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Last Updated: Saturday, 24 July, 2004, 08:23 GMT 09:23 UK
Family's shock at lenient sentence
 Nichola Dickson had been strangled and stabbed with a kitchen knife.
Nichola Dickson had been strangled and stabbed
The parents of a woman stabbed to death by her boyfriend say they are shocked by the Attorney General's ruling that his sentence was not unduly lenient.

David Thomas McCord, 34, from Alford Park, Dundonald, murdered Nichola Dickson in Ballycarry in 2003.

He was sentenced to life in prison and told he must serve at least 11 years before he could be considered for parole.

Lord Goldsmith concluded the tariff was adequate within sentencing guidelines.

Nichola's parents said they were shocked by the decision.

The 26-year-old's body was found by her mother in a bedroom at the house on the Hillhead Road.

We should all be working for more effective interventions to stop the levels of violence towards women that every year result in physical and emotional injury and leave families bereaved
Hilary Sidwell
Women's Aid

Her father Philip said her life was worth more than 11 years.

"I think it's an affront to humanity, the sentence. What the guy got doesn't merit what he has actually done," he said.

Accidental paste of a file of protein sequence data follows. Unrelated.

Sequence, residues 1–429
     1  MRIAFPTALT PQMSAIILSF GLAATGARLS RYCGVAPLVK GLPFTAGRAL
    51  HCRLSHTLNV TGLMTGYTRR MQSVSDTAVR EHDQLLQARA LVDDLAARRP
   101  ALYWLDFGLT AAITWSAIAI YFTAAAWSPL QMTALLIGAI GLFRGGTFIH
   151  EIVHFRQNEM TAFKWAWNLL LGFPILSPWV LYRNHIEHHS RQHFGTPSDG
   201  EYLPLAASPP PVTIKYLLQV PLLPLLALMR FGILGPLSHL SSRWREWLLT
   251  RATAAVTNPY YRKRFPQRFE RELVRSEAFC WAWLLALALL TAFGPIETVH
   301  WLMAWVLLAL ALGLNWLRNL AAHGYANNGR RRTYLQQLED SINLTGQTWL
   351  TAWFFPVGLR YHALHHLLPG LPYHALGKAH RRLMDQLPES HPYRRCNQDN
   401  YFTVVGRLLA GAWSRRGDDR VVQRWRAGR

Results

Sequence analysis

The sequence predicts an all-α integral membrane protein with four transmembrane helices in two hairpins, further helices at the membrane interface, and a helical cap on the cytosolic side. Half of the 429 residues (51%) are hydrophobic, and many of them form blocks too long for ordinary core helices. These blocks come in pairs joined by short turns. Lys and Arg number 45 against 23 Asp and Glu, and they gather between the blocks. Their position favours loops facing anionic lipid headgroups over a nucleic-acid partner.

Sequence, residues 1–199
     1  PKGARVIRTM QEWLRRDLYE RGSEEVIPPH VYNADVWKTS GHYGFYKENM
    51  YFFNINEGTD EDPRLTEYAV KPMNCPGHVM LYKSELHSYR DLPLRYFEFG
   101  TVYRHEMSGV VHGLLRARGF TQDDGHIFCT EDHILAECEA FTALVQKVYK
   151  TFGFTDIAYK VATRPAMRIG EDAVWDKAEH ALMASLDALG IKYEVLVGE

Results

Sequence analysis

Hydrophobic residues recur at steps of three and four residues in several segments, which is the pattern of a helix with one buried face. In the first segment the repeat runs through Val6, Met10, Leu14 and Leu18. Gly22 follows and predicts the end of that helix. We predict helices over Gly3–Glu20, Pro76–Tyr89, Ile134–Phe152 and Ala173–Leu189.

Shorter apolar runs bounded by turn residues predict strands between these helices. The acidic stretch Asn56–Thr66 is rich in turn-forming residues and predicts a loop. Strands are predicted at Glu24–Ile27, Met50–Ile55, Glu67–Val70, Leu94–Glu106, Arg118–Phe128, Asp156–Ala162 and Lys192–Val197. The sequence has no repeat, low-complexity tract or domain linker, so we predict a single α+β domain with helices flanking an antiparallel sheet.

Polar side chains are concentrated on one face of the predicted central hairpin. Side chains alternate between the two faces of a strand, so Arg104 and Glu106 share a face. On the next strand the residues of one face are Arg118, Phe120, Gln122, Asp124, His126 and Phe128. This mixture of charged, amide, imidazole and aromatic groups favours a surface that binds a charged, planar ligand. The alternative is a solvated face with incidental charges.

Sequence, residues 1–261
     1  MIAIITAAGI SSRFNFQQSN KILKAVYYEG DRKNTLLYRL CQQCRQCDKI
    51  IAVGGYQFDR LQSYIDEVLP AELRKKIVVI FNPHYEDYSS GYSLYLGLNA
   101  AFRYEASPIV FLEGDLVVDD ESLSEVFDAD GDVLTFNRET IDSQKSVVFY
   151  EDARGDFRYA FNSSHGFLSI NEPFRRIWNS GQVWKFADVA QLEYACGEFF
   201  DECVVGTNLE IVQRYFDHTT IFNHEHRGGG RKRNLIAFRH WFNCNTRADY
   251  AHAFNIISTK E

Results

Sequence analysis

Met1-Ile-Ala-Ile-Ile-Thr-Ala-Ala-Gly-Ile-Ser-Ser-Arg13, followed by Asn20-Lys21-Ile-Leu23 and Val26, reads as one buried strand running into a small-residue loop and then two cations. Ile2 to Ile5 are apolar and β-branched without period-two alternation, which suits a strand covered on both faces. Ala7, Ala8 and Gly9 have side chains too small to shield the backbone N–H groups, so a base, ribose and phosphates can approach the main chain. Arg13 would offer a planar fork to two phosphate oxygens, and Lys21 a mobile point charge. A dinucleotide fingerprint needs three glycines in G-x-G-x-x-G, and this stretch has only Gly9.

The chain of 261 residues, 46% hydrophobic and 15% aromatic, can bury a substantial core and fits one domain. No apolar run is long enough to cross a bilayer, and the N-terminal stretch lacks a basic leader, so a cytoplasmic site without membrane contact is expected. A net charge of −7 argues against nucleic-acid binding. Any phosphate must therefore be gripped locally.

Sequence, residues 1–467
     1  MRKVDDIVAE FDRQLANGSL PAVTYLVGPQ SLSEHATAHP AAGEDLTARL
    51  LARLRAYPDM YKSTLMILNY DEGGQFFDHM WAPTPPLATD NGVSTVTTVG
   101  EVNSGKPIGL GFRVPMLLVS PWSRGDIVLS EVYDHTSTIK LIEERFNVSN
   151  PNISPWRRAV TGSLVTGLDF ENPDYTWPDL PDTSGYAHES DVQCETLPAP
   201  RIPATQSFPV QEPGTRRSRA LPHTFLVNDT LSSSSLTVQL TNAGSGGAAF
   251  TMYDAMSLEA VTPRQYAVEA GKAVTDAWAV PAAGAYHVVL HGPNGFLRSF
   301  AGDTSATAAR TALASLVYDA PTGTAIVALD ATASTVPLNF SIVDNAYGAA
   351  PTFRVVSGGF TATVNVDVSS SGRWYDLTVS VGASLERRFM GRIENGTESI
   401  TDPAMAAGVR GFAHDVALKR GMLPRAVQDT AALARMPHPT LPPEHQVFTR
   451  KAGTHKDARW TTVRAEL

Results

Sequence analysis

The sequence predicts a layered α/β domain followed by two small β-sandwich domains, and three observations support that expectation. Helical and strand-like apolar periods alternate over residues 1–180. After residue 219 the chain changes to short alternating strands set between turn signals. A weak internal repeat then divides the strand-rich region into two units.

"If you put the thing into perspective, he actually didn't murder Nichola as such, he slaughtered her - he butchered her - and the sentence doesn't reflect that at all."

The Women's Aid Federation said the courts seemed to be saying murdering a woman who was your partner provoked a punishment of less than 12 years.

Hilary Sidwell, Director of Northern Ireland Women's Aid Federation said: "The message to abusive men needs to be that violence towards women will not be tolerated and that offenders will be severely punished.

"Women have the right to proper safety and justice and we should all be working for more effective interventions to stop the levels of violence towards women that every year result in physical and emotional injury and leave families bereaved."

Ulster Unionist East Antrim MP Roy Beggs said he was disappointed by the Attorney General's decision.

"There is a wider issue here that involves the disparity in sentencing between Northern Ireland and England and Wales," he said.

"Home Secretary David Blunkett toughened up the law on statutory life sentence tariffs in the Criminal Justice Act 2003, yet typically the Northern Ireland Office, instead of extending the changes to Northern Ireland opted for a consultation process on whether to introduce the new standards.

"Therefore families like Nichola Dicksons' have been doubly hurt by the knowledge that had this crime taken place in another part of the United Kingdom, their daughter's murderer would face a longer sentence automatically, at the very least 15 years.

"This clear inequality must end now."





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